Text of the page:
B.C.’s Northeast (0.4 per cent), the Kootenay (0.5 per cent) and North Coast and Nechako (1.1 per cent) are also expected to see below-average growth in employment with job openings created through retirements largely exceeding job openings created through growth.

RELATED: B.C. needs to fill more than 1 million jobs within 10 years: report

What unites all of these regions has been a historic reliance on resource-extracting industries and the outlook for those industries appears mixed.

Employment in forestry is expected to decline by 1.3 per cent between now and 2033. That decline will be by 2.2 per cent per year over the next five years before recovering somewhat. Employment in agriculture and fishing, meanwhile, is expected to flat-line, with an annual growth of 0.1 per cent.

The story is different for mining and energy. Oil and gas employment is expected to grow by 1.4 per cent each year between now and 2033, while mining employment is expected to grow by one per cent.

That could create some regional employment opportunities in the Kootenay region, where mining ranks among the Top 5 industries with significant job openings (1,630). Mining and oil and gas extraction, meanwhile, ranks in the top 5 in job openings in the Northeast.

Looking elsewhere in the province, the Lower Mainland/Southwest, Vancouver Island/Coast and the Thompson-Okanagan will see employment growth matching the provincial rate of 1.2 per cent with the Lower Mainland/Southwest seeing the most job openings with more than 600,000 with economic growth accounting for more than 60 per cent of those jobs.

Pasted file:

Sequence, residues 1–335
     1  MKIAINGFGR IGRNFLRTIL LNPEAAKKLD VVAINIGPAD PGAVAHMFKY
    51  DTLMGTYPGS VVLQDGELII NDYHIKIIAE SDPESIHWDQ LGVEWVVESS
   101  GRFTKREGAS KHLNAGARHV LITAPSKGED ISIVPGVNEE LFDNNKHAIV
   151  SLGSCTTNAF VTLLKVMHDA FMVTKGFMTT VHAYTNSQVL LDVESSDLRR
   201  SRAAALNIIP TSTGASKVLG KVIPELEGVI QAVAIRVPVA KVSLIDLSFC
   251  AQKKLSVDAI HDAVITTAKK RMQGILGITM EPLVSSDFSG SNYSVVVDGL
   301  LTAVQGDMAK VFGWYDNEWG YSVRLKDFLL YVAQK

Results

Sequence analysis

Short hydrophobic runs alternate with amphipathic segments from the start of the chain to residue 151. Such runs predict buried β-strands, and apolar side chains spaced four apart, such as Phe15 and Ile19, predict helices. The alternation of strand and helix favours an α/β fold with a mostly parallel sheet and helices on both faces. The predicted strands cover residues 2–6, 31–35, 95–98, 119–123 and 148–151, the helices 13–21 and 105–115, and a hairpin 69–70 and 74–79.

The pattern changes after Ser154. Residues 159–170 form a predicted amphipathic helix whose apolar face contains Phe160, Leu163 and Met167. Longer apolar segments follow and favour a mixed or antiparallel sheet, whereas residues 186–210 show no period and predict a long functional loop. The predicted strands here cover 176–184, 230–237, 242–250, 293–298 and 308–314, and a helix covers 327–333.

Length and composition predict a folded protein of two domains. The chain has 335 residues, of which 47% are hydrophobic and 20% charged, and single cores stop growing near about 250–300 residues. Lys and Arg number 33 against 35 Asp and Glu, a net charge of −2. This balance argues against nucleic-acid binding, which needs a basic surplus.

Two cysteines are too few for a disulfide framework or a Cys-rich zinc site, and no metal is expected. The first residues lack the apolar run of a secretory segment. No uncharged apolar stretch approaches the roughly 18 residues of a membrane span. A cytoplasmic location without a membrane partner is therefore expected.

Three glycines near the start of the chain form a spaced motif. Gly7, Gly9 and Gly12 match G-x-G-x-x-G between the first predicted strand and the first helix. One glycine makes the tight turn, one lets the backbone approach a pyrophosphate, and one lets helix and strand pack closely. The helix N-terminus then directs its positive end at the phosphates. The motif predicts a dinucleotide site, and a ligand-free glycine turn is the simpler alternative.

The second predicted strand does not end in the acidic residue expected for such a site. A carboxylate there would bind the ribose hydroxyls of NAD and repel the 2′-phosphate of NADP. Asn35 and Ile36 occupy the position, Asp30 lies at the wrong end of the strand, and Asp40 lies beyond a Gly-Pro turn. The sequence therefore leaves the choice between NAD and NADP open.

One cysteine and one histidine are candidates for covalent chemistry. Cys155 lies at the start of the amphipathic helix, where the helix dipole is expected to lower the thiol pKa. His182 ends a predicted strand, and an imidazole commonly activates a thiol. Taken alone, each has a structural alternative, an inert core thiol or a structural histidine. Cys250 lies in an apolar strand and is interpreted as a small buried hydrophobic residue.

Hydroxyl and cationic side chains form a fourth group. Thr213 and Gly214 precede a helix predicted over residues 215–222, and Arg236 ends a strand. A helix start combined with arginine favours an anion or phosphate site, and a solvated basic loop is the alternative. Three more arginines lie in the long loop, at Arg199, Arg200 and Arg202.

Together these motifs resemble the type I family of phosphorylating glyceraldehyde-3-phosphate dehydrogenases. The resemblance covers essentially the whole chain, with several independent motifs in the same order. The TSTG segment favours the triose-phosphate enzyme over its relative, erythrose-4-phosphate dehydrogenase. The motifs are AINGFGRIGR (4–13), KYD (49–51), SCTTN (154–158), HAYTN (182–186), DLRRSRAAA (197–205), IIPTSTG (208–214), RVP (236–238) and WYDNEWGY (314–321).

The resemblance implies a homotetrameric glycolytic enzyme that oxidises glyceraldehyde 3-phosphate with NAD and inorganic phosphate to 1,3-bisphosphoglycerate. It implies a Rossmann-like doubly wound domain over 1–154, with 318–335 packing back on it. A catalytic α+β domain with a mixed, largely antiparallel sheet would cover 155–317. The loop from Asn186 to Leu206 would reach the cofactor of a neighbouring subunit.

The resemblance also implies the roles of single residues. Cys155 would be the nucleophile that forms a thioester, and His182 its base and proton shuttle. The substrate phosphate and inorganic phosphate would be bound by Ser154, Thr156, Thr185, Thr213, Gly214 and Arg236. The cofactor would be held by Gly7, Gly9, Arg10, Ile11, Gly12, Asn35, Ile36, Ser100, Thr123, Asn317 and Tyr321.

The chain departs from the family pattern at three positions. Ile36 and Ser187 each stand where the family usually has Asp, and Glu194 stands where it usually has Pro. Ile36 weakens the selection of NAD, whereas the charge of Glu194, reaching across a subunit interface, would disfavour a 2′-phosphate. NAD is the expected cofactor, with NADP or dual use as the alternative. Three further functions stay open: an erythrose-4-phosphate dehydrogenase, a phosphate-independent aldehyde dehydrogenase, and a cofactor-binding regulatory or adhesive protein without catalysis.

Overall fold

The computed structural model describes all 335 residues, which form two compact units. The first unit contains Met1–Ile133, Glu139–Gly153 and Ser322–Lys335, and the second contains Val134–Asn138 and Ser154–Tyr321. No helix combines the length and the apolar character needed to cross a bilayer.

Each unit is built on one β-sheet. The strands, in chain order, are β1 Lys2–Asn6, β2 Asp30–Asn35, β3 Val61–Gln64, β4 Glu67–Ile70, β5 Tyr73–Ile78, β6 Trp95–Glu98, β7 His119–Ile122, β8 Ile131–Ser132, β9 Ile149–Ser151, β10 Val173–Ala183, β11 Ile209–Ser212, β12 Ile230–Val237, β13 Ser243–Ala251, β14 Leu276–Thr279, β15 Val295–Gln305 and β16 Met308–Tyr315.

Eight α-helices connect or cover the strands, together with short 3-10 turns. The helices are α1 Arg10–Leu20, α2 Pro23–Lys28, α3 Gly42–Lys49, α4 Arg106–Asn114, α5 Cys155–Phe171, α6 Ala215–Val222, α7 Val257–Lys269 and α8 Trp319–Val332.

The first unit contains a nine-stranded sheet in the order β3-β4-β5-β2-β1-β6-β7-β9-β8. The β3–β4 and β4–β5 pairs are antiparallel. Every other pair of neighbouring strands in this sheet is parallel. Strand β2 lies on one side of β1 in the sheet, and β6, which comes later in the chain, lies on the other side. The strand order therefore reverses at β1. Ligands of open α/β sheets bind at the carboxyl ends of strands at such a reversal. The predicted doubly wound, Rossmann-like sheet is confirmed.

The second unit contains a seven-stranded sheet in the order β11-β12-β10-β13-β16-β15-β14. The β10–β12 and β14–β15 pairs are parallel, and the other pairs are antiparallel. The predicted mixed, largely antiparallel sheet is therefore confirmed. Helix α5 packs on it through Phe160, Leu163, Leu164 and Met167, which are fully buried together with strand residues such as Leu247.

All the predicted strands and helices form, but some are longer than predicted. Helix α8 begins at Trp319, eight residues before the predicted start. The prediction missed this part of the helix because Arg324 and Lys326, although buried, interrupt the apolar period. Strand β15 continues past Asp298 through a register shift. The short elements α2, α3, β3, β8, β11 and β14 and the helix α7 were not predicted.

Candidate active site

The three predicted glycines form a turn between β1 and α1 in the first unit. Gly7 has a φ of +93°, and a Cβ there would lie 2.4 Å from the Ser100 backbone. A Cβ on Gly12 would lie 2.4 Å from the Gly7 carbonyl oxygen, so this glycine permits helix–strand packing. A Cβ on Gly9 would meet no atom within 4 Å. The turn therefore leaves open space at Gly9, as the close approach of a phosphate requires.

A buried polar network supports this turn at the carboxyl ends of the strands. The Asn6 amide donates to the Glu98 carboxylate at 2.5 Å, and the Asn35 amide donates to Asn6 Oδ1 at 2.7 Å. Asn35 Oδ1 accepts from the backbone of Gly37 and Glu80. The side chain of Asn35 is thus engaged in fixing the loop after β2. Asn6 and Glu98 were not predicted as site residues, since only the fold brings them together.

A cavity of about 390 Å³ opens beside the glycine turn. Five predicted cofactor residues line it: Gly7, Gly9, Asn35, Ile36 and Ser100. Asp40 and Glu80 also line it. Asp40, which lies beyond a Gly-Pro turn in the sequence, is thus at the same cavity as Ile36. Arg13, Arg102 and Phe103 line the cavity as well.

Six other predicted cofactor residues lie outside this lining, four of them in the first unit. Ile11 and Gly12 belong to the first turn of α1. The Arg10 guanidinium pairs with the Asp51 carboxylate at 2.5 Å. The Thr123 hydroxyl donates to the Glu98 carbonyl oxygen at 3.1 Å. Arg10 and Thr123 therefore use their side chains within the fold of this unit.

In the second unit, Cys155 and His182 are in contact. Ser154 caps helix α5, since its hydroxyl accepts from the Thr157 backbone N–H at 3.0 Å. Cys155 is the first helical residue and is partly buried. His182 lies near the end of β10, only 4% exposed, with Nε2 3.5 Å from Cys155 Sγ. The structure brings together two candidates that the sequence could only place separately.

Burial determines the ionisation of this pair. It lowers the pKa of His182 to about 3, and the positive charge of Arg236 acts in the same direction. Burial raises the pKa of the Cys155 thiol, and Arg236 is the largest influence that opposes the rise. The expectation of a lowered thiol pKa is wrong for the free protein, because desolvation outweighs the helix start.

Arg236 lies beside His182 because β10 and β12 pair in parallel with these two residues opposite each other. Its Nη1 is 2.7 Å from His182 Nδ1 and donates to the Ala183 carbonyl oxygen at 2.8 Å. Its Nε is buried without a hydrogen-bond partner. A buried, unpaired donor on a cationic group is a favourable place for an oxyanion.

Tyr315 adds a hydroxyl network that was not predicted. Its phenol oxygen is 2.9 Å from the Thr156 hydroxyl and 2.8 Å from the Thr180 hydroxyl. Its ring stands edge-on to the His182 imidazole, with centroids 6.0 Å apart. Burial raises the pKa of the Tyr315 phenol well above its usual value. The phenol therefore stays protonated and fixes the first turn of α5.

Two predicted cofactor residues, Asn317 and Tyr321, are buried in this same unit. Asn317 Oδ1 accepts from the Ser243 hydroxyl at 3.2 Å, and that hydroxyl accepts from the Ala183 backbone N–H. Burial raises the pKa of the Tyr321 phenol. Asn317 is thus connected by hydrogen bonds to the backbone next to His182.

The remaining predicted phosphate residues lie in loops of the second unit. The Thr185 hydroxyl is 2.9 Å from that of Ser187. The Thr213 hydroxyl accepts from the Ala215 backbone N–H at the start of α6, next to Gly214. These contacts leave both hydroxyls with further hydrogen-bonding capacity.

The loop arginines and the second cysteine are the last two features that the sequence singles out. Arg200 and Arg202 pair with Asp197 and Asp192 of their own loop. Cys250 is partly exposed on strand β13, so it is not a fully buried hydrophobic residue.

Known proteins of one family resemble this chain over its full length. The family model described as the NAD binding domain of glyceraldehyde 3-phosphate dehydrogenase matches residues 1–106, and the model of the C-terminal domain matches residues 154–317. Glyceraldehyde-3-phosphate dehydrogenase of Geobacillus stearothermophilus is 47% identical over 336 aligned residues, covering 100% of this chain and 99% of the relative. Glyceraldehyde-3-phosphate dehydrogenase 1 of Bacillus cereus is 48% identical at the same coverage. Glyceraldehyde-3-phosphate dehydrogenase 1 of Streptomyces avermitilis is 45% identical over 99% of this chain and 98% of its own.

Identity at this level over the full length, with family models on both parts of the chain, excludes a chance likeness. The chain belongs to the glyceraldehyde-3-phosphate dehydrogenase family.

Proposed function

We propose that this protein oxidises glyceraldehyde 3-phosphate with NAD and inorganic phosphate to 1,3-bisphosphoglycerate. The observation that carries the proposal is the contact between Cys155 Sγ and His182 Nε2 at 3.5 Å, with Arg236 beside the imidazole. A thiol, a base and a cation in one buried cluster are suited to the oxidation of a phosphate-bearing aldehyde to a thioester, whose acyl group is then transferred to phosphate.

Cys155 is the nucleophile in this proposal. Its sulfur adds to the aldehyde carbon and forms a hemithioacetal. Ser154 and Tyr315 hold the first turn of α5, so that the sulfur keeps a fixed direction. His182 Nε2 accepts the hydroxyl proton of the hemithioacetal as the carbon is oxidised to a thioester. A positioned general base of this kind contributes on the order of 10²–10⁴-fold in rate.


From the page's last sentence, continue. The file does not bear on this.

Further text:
Based on the number of future job openings, Vancouver Island/Coast is B.C.’s second-most dynamic economic region with 174,000 openings followed by the Thompson/Okanagan with 124,600 openings.

Five industries will generate about 55 percent of all job openings across B.C. with health care and social assistance — likely a reflection of B.C.’s aging society — leading the way with 166,300 openings, or 17 per cent of total openings. The professional, scientific and technical services (14 per cent), retail (10 per cent), educational services (seven per cent) and construction (seven per cent) make up the rest of the Top 5 industries with openings.

Another gauge of B.C.’s health care needs is the demand for workers in the ambulatory health care services. That sector makes the Top 5 for job openings in six out of seven regions of B.C. except for the Northeast.

As immigrants play a growing role in the provincial labour force, so will younger people. The report expects that Millennials born between 1981 and 1996 are expected to make up more than one-third of the workforce by 2033 with Generation Z (those born between 1997 and 2012) becoming the largest group by end of the forecast.


@wolfgangdepner
wolfgang.depner@blackpress.ca

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Wolf Depner

About the Author: Wolf Depner

I joined the national team with Black Press Media in 2023 from the Peninsula News Review, where I had reported on Vancouver Island's Saanich Peninsula since 2019.